Fish counters provide an excellent tool for stock assessment and in Scotland, there are 39 in operation. 13 of these are Vaki Riverwatcher fish counters, one of which is in Galloway, located at the bottom of the Kirkcudbrightshire Dee in Tongland fish pass. It was installed in 2007 and is owned by Drax and maintained by the GFT. All migratory fish returning to the Kirkcudbrightshire Dee must pass through this counter and annually, between 500 and 1000 salmon have been recorded in recent years
The Kirkcudbrightshire Dee is the largest of the Galloway rivers, covering a catchment of over 1,050 km2 in South Ayrshire and Galloway. Upon the river, the Galloway Hydro Scheme has been operating since the mid 1930’s and consists of six power stations, eight dams and a network of tunnels, aquaducts and pipelines. Tongland Dam sits at the bottom of the scheme, about a kilometre upstream of Tongland Power Station which is located within the tidal limit of the river, near Kirkcudbright. Migratory fish returning to the Kirkcudbrightshire Dee must navigate up to and negotiate through Tongland fish pass to make their onward journey. Tongland fish pass climbs over 200 m in length and can take salmon up to a day to pass through (see Marine Scotland Science Report 05/12). Once above Tongland Dam, fish can travel as far as Kendoon (aided by fish passes at Earlstoun and Carsfad), where their journey ends (as no fish pass exists).
Although it was once famed as one of the best salmon rivers in southern Scotland, stocks have fallen greatly over the years. Data from the fish counter at Tongland Dam best illustrates this trend and since September 2002, the Galloway Fisheries Trust has been contracted to undertake data collection and maintain the Tongland fish counter. In June 2007, the original resistivity fish counter (of which there are still 24 in Scotland) was replaced with a Vaki Riverwatcher.
The Vaki Riverwatcher is an optical fish counter for use in fish ladders, barrier dams or other places where fish swim through a restricted passage. At Tongland, the pool and weir formation of the fish pass presents the ideal location to site a counter and it is within a large resting pool that the Tongland Vaki Riverwatcher is currently located, at the exit of a submerged orifice.
The Vaki Riverwatcher consists of a Control Unit with software, a Scanner Unit with cables and a computer program for processing the data. The Scanner Unit can be thought of as a gate that is placed in the fish ladder. When a fish swims through the Scanner Unit it interrupts beams of infrared light, producing a silhouette of the fish that is used to count it and calculate its size. Data sent from the Scanner Unit to the Control Unit give details of the time/date of passage through the fish counter, depth and length of the fish, its speed, direction of movement and the temperature of the water within the fish pass. Counts are verified using this data accompanied by a 16 second video clip which is produced by the camera unit, located at the upstream exit of the fish counter tunnel.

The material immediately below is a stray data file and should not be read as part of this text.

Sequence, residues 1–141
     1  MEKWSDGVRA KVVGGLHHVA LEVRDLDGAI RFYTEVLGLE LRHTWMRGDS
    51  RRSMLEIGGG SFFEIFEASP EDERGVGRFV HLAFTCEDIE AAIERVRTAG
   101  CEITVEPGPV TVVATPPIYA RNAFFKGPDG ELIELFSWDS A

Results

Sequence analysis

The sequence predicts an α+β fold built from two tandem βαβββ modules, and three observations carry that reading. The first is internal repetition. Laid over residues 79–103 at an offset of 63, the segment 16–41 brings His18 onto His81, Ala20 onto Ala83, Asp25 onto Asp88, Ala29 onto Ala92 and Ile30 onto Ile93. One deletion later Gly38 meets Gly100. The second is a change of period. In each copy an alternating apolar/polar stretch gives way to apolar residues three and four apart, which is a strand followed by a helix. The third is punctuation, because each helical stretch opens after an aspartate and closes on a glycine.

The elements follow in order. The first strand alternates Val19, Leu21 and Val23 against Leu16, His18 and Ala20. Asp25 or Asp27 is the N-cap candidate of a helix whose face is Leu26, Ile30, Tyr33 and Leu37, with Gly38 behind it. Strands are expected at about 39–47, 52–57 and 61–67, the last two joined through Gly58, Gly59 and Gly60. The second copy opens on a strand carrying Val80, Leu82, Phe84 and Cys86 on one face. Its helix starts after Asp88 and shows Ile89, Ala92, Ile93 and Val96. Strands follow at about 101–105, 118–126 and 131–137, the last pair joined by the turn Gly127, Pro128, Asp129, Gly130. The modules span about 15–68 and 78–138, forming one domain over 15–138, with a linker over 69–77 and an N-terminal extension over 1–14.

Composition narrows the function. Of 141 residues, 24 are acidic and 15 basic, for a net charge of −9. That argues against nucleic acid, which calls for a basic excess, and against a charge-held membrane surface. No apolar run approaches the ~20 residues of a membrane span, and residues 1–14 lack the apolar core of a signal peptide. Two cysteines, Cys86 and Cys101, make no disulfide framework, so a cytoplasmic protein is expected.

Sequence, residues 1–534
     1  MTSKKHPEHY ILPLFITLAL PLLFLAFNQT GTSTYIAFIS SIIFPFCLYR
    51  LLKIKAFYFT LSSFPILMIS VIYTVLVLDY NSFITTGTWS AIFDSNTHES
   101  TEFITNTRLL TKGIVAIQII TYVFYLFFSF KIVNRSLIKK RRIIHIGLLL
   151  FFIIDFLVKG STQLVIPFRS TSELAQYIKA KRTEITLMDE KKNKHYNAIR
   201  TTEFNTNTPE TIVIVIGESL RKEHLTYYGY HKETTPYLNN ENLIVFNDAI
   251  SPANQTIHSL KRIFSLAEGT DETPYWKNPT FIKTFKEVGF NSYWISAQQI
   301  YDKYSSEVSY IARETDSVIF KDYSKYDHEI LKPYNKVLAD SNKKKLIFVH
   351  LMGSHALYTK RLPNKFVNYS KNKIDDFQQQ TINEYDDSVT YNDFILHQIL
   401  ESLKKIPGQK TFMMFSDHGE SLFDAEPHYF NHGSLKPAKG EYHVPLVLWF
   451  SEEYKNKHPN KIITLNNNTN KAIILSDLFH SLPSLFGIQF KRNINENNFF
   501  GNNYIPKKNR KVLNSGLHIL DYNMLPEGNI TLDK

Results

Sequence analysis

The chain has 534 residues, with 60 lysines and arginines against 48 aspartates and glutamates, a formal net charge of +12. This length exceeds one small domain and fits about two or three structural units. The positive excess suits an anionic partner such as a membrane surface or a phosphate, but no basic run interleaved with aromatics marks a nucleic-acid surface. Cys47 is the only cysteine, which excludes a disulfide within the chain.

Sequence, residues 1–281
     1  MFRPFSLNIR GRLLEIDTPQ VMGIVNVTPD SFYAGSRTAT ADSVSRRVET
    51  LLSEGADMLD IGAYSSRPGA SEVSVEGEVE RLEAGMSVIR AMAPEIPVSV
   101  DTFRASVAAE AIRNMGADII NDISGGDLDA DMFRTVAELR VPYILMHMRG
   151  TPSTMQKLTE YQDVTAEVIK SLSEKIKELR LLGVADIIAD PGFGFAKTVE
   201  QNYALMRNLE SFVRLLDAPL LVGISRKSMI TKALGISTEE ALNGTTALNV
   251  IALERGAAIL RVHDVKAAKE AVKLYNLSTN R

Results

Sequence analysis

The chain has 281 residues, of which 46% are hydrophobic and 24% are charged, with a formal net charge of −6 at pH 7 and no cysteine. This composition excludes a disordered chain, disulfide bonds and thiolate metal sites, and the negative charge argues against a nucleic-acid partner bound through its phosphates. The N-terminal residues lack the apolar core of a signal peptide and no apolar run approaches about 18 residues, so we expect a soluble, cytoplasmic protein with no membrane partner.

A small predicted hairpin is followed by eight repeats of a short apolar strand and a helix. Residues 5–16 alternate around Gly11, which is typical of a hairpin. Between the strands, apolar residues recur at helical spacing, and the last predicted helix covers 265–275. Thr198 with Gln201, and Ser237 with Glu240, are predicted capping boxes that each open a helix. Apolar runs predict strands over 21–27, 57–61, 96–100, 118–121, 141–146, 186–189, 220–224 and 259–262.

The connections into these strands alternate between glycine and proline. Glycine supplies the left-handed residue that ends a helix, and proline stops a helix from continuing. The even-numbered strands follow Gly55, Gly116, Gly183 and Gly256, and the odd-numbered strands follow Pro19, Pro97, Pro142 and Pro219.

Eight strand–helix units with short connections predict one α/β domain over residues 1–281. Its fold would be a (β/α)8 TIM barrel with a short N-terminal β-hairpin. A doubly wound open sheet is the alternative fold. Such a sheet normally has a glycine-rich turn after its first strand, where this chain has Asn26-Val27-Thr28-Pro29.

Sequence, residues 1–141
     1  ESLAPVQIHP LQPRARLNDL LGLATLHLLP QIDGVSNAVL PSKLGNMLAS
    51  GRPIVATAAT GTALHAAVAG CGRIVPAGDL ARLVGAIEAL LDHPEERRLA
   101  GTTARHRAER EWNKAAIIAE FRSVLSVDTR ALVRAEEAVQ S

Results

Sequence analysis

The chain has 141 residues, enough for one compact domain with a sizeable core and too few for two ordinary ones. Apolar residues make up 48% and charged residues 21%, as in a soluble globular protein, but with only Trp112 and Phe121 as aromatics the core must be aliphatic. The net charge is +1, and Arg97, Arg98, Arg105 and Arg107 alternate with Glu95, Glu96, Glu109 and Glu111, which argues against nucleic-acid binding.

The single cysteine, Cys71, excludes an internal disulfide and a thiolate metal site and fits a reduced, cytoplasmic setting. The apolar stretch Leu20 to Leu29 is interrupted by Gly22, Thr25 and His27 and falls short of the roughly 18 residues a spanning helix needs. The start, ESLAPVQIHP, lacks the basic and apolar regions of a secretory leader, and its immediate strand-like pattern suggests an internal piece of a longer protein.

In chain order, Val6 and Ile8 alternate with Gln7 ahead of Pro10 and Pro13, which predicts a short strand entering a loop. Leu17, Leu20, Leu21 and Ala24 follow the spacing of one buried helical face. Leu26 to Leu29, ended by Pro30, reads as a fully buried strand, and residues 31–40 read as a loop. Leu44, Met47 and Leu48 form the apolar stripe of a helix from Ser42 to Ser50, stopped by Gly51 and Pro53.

Annual counts of salmon have varied quite considerably between the years that the Vaki Riverwatcher has been operating, with returns best in 2007 and 2008 when around 1000 salmon were recorded, when peaks in movement took place in July, August and October. In recent years, only 500-600 salmon have returned and there has been a noticeable shift in migration patterns with the summer peak in fish movements occurring earlier (across June and July), whilst the autumn peak has all but disappeared.
As well as providing data to inform local fisheries management (Tongland fish counter data is used to inform water management plans, hydro scheme maintenance plans and broodstock collection plans on the river), Tongland is one of ten counters currently being used to improve the accuracy of Salmon Conservation Regulations (SCR) assessments. River gradings under the SCR are determined by comparing numbers of salmon eggs deposited against a target level. Presence of a counter allows direct enumeration of the stock of salmon in a river rather than making a stock assessment on rod catches. Marine Scotland Science are currently investigating how they could develop their national network of salmon counters for stock assessment. Where in-river structures (such as existing weirs) are already present at the bottom of a river, there may be opportunities to install new fish counters and GFT are currently investigating this potential on all the rivers in Galloway.
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The aims of this project are to improve both instream and riparian habitats for both salmonids and freshwater pearl mussels; freshwater pearl mussels are now a critically endangered species and there are very few known populations remaining in Scotland.